Early this summer the NAACP put out a bulletin that blacks should avoid visiting Missouri, as they would feel unwelcome.
They had certainly not checked with Neosho about that.
Our black citizens have always contributed to our community and are welcome as longstanding families and citizens.
I am so glad our schools integrated and without any trouble in 1954. In that year we got to know Carolyn Hutchinson, who entered an Empire District Electric contest representing our home economics classes at NHS and she won a stove for the school.
That year we also got Andy Barker, who became captain of the football team with Coach Calvin Lane and we were honored to become Big 8 or 9 champions.
Following Andy was J.C. Wright, who did us proud in track and football. His two sons became professional athletes.
Later, Andy Barker married Mary Jean, from Springfield, and they also sent NHS four remarkable students who continue to be productive citizens. Mary Jean has been instrumental in Neosho’s historical documentation. She got Second Baptist Church onto the National Register.
We also have the Clark family, who established the large park on Main Avenue. The Wright family has a business on the square.
Of course, you know we have the first schoolhouse George Washington Carver attended and the national park in his honor located north of Neosho and west of Diamond, where he was born. One of Neosho’s state-of-the-art schools is named George Washington Carver Elementary.
The last two directors of our national fish hatchery, Dave Hendrix and Rod May, are leading promoters of the Neosho community. I would say that if one were to define the feelings we have toward the black citizens of Neosho, those would be feelings of respect and gratitude.
As a teenager of that integration era, I am very glad of that because when I went to school in Glasgow, Scotland, to work in New York City and Washington, D.C., I was totally at ease around all people who were not white.
As the world has become a closer global community, I feel a part of it. My children work in a global community world and I am glad they are welcomed and welcoming in all kinds of friendly places with friendly faces.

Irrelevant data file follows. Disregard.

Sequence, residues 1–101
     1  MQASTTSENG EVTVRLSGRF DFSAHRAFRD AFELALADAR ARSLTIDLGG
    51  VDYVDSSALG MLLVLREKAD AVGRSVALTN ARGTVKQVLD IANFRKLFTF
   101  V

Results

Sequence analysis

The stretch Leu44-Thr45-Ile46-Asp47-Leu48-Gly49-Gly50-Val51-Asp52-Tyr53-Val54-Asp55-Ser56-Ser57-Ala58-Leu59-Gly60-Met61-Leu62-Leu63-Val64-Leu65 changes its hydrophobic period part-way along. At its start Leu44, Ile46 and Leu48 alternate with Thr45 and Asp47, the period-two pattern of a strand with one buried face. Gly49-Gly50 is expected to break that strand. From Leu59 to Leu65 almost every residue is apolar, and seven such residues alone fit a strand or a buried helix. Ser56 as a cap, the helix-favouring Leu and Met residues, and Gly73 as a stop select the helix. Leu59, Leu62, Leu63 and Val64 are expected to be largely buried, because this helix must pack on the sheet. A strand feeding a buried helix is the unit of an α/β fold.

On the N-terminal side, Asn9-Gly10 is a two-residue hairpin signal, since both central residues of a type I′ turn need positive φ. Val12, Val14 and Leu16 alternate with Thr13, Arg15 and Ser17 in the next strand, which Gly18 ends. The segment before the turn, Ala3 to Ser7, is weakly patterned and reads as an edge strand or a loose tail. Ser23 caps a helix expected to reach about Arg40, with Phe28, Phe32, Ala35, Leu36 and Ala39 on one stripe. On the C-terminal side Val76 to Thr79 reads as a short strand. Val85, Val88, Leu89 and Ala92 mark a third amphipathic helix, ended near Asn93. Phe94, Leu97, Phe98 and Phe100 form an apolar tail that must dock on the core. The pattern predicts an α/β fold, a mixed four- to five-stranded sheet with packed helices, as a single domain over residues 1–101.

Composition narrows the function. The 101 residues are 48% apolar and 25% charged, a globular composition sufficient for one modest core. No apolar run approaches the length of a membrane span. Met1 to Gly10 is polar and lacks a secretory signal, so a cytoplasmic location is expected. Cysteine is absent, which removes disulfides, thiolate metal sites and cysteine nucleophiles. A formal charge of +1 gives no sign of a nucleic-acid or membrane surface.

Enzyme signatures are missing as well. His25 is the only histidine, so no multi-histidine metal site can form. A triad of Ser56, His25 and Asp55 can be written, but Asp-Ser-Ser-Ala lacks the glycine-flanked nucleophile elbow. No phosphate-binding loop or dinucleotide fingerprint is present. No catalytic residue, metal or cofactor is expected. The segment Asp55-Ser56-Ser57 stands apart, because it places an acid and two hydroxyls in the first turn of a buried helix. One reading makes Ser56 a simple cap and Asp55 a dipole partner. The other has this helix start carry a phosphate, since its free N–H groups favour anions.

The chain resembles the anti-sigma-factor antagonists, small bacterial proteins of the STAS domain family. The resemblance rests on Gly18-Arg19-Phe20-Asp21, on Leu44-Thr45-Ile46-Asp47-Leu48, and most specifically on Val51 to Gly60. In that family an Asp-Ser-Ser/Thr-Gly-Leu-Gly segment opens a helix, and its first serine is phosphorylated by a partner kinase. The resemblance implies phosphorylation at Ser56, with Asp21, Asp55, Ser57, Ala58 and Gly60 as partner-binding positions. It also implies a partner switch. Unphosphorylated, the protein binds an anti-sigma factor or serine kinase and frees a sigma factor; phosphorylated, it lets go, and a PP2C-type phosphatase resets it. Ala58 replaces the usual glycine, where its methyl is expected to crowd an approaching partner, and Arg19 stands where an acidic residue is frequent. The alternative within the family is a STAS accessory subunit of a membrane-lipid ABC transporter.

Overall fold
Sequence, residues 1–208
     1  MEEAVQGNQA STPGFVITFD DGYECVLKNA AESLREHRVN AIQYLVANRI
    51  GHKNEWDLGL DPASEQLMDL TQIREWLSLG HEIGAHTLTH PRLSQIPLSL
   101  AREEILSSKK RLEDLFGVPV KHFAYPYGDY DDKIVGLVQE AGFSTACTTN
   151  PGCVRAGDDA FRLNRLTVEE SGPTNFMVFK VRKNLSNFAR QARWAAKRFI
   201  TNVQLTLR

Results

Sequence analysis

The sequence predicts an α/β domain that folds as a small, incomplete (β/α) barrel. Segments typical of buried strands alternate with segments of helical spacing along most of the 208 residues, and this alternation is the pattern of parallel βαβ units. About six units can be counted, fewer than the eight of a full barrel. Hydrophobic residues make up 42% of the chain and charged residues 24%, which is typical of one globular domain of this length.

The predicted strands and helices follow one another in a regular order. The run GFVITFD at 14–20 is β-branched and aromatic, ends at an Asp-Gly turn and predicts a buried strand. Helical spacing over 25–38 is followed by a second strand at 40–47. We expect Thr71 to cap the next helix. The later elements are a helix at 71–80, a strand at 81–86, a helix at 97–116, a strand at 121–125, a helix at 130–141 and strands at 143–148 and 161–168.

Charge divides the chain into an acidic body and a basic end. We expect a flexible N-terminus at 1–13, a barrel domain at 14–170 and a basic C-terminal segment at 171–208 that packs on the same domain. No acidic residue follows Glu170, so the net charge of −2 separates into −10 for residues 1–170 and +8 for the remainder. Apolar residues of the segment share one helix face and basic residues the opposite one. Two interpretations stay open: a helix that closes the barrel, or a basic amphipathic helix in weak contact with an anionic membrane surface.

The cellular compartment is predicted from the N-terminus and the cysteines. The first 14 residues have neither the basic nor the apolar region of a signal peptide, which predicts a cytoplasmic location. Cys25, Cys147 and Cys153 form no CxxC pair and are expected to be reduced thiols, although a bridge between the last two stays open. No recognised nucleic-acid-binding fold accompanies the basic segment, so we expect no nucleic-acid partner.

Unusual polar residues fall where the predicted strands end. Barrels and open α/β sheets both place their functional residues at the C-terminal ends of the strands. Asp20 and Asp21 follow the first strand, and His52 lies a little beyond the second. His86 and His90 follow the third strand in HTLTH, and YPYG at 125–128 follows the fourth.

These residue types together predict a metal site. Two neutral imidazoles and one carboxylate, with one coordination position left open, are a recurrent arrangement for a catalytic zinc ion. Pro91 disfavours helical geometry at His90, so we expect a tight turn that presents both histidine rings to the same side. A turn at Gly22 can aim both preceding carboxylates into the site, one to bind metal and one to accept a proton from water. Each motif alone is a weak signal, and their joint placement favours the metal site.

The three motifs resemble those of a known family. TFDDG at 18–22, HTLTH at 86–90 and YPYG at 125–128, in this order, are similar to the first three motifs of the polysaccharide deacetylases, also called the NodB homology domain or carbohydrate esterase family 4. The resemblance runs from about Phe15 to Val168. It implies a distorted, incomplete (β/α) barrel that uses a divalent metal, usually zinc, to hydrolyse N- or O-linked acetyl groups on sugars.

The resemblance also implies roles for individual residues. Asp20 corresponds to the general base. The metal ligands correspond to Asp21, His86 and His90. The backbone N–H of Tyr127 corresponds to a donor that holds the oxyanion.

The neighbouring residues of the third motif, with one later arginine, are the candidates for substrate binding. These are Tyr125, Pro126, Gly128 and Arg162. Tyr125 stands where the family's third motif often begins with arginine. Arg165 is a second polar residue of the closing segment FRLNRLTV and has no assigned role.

Finally, I will tell you that one of my favorite happenings at LIFE magazine in 1962 was when I advanced and was named a reporter.
The replacement for my job, whom I trained to be the next girl on the “clip desk,” was none other than Lena Horne’s daughter, Gail. She later went to Hollywood and married director Sidney Lumet, but is now Gail Lumet Buckley.
A sentence from her book — “THE HORNES, AN AMERICAN FAMILY” — on page 246 reads, “I started at LIFE on the clip desk. As far as I was concerned, it was the most important job on the magazine.” And she was taught that by a girl from Neosho, Mo.
The whole reason for this column this week is to encourage you to drop by the Newton County Historical Society’s pavilion during the Oct. 7 fall festival and visit the Barker Historic Cemetery Improvement Group.
They are raising money for headstones at the historic Barker Cemetery for those whose resting place was only marked with rocks or less. They have a brochure of the research which has been done of the families buried there.
Rod May and Mary Jean Barker will be there to welcome you… and take your contributions to this re-establishment of black history in Neosho.
(Judy Haas Smith lives in Neosho.)